The first step towards healing is admitting you’ve got a problem in the first place – and that’s what we all need to do. On the count of three, follow my lead with the social media serenity prayer. 1... 2... 3:
“Grant us the serenity to accept the things we cannot change, such as the six-hour Facebook, WhatsApp, Instagram, Messenger and OculusVR outage caused by configuration changes to the Facebook servers.
“Grant us the courage to change the things we can, such as saving (in “drafts”) that picture of our dinner and our tiny, cute dogs wearing booties that we’re desperate to share with our friends.
“Grant us the wisdom to know the difference between a life that feels empty; devoid of meaning – the barren wasteland of our mobile phones a tundra for which the only respite would be an oasis of validatory ‘likes’ or tiny, small circles telling us that our crush was viewing our stories – and the fulfillment of an update in the extended family WhatsApp group as to second cousin Jim’s thoughts on the vaccine (nothing good), mixed with some outrage over the changes to recycling bin collection day on the Facebook Neighbourhood Watch Group Residents Only *READ PINNED TWEET BEFORE POSTING*.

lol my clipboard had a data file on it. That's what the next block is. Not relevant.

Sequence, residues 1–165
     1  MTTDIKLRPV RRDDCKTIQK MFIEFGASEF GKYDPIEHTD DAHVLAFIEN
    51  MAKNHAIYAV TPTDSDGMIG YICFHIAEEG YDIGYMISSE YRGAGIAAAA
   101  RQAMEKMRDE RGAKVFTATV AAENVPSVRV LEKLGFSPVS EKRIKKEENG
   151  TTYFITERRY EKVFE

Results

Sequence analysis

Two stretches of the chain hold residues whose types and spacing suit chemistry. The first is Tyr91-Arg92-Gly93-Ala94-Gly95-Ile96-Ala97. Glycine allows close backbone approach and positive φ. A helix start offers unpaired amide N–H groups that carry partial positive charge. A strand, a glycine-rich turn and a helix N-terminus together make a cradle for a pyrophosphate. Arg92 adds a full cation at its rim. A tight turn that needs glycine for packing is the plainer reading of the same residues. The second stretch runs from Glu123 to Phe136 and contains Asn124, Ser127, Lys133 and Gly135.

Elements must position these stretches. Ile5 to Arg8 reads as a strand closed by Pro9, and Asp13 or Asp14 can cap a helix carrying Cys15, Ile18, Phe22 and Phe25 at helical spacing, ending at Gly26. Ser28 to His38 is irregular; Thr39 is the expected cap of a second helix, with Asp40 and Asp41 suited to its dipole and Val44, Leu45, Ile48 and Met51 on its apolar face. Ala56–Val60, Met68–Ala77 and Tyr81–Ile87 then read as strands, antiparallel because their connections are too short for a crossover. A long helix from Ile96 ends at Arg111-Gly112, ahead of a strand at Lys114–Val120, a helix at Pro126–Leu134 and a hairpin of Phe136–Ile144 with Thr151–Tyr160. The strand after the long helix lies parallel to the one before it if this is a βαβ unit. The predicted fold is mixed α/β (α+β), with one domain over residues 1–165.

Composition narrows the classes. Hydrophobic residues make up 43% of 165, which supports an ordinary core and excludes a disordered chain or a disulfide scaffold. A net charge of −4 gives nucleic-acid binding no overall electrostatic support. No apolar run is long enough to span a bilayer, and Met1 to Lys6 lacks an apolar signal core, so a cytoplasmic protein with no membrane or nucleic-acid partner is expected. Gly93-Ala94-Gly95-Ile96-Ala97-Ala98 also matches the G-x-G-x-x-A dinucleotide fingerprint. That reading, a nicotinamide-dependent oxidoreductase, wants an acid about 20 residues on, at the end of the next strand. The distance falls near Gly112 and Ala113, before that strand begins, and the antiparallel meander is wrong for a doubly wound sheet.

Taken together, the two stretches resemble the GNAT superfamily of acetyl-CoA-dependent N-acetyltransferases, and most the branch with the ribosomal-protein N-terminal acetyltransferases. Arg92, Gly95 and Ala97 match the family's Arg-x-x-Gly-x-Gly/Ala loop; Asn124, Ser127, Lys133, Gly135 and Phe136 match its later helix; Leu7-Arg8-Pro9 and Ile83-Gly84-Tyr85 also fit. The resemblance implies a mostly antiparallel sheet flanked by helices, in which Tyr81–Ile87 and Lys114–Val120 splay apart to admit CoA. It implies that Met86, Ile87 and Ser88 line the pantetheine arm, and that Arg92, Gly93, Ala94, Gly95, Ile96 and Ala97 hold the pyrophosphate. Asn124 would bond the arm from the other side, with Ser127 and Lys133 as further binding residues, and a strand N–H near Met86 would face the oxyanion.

There: feel better now?
If you’re anything like me (and whether you want to admit it or not, you probably are) then you struggled a little last night. Whether you were at home in front of the TV and desperately seeking connection on a rainy Monday night, or “out” out and – ahem – wanting to tell the world how epic Patti Smith was, live at the Royal Albert Hall (“she’s 74 and glorious!” I wrote in a text message to a friend, like it was the 90s again); it was hard not being able to idly scroll and see what people were up to, or to share jokes, thoughts and musings from the sofa. If you couldn’t take a picture of your dinner and post it on Instagram, did you even have dinner at all?
Of course, bereft of all other options, people took to the last vestiges of socialisation, the playground of the wannabe witty: Twitter. I found myself applauding the tech giant’s contribution to the gleeful outpouring of snark. “Hello literally everyone”, the social media team for the bird app tweeted, to a staggering 3m “likes”.
Some hailed the surprise social black out as a victory for those trapped into dates they didn’t want to go on: “Shout out to me and the guy I was meant to be going on a date with this evening, resolutely not texting one another, knowing we’ll use the WhatsApp outage as the reason neither of us got in touch”; while others mourned the plight of those halfway through a hook-up, only to find themselves resolutely alone: “Thoughts and prayers to those midway through arranging a hook-up halfway through everything going down frantically trying to find them on LinkedIn.” Someone sent me a message on a dating app (sadly, those weren’t down) to say he’d “never felt so peaceful”. Amen to that.